“Dogs know what to do with polls.” John Diefenbaker being punny.
The only groups feeling worse than the NDP in the wake of the surprising Liberal election win must be all the pundits and pollsters. All their indicators and surveys showed there was to be a major change in the electoral makeup here in B.C. When the major upsets of 2013 are rounded up, this result will rank up there with the Boston Bruins’ improbable come from behind to beat Toronto in the NHL playoffs.
As Yogi Berra once remarked, “That’s the trouble with the future. It’s so hard to predict.” Along with Churchill’s, “Lies, more lies and damn statistics” regarding his troubles with a fickle electorate back in the day, one must feel a sense of schadenfreude whenever some top dog gets taken out.
In the late ‘80s when the Berlin Wall was coming down, the East German secret police, the Stasi as they were known, were caught completely flat-footed by the fast turning events partly because they had so many people keeping tabs on so many others that the information, rather than being useful, became an avalanche that effectively buried any chance of action. It might be a stretch to compare politics in B.C. with the fall of the Soviet Empire but they meet common ground when having too much information clouds decision making.
“Not seeing the forest for all the trees” is another old cliché that’s ringing true post-election. Had anyone predicted 10 years ago that on any street in Canada people wouldn’t be walking and talking with each other, but rather twiddling their thumbs on some kind of device, they would’ve been viewed as some kind of nut rather than a far-seer.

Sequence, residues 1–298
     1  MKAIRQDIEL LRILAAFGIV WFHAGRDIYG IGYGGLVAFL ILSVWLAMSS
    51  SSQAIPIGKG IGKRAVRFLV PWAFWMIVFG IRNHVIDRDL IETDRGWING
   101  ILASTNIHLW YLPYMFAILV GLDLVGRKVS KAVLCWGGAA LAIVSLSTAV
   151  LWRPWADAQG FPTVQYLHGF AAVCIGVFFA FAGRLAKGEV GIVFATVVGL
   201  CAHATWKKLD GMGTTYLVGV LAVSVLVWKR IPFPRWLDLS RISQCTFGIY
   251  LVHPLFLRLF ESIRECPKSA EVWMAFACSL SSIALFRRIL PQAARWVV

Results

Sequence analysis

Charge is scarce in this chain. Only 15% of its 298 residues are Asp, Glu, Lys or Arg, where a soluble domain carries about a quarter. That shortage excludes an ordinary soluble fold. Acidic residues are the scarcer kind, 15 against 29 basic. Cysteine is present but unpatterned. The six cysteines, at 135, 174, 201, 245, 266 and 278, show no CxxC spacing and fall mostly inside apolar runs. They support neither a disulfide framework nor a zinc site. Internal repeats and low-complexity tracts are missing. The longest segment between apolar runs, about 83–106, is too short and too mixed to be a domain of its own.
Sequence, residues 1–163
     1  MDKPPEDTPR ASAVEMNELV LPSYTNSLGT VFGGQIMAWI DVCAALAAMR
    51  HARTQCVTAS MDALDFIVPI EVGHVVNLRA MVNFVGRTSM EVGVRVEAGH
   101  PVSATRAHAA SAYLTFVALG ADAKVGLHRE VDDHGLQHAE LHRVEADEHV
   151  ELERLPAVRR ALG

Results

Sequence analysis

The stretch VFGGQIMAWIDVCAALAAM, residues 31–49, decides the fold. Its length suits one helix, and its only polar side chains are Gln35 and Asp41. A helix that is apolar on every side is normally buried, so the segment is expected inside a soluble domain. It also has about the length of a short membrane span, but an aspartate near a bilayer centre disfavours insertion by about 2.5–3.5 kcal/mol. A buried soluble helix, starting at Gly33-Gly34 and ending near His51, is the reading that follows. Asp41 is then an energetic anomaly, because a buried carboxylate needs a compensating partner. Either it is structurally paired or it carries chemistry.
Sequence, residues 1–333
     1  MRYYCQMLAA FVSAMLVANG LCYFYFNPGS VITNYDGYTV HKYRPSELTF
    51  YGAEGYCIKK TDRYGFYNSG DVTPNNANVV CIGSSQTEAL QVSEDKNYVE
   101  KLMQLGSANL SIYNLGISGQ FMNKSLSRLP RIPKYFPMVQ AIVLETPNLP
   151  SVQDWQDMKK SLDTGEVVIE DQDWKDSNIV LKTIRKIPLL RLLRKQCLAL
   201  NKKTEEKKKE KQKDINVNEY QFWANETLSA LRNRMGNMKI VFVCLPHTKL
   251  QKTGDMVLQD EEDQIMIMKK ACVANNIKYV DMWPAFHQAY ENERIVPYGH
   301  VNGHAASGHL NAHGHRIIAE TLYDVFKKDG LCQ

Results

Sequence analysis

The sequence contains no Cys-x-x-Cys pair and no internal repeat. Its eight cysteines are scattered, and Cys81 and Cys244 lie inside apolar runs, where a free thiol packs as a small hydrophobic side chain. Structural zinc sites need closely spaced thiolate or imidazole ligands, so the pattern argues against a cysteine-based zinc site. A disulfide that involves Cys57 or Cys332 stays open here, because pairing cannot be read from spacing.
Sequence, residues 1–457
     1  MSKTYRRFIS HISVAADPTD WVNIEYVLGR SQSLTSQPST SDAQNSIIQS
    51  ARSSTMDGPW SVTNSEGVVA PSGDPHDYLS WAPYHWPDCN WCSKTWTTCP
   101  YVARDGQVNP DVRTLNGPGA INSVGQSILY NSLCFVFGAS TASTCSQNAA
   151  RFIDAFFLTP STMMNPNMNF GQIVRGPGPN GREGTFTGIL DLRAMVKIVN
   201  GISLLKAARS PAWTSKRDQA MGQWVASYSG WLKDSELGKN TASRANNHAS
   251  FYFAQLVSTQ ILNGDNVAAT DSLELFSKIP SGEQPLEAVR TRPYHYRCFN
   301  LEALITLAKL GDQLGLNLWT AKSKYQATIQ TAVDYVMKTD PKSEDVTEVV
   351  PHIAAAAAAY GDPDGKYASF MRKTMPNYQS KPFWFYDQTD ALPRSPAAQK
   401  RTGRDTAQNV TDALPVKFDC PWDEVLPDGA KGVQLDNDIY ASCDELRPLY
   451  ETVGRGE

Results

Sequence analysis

While losing her own seat must be the fly in the ointment for Christy Clark, she knows that she can parachute into a safe riding in the next by-election and continue being the Queen Bee in B.C. for four more years. This isn’t necessarily a bad thing, given that in the rest of Canada, and indeed the world, we’re governed by some of the “least worst” politicians. Most people in our province are fortunate enough to be doing reasonably well. Rocking the boat was not the electorate’s mission this time. With winning comes a natural sense of entitlement; a feeling of, “We know best what is good for you,” and the inevitable arrogance will fill column inches for the next four years while the governing party copes with keeping the ship of state on a relatively even keel.
The ugly part of the campaign — the attack ads worked. While the NDP were commending themselves on a clean, well-mannered approach, they were lulled by their own pacifism into thinking that politics is fair. Like life, it often isn’t. The bigger implication for the party is that the B.C. election was supposed to auger in a sea of change for them nationally while planning to defeat the fumbling Harper regime. It’s back to the drawing board.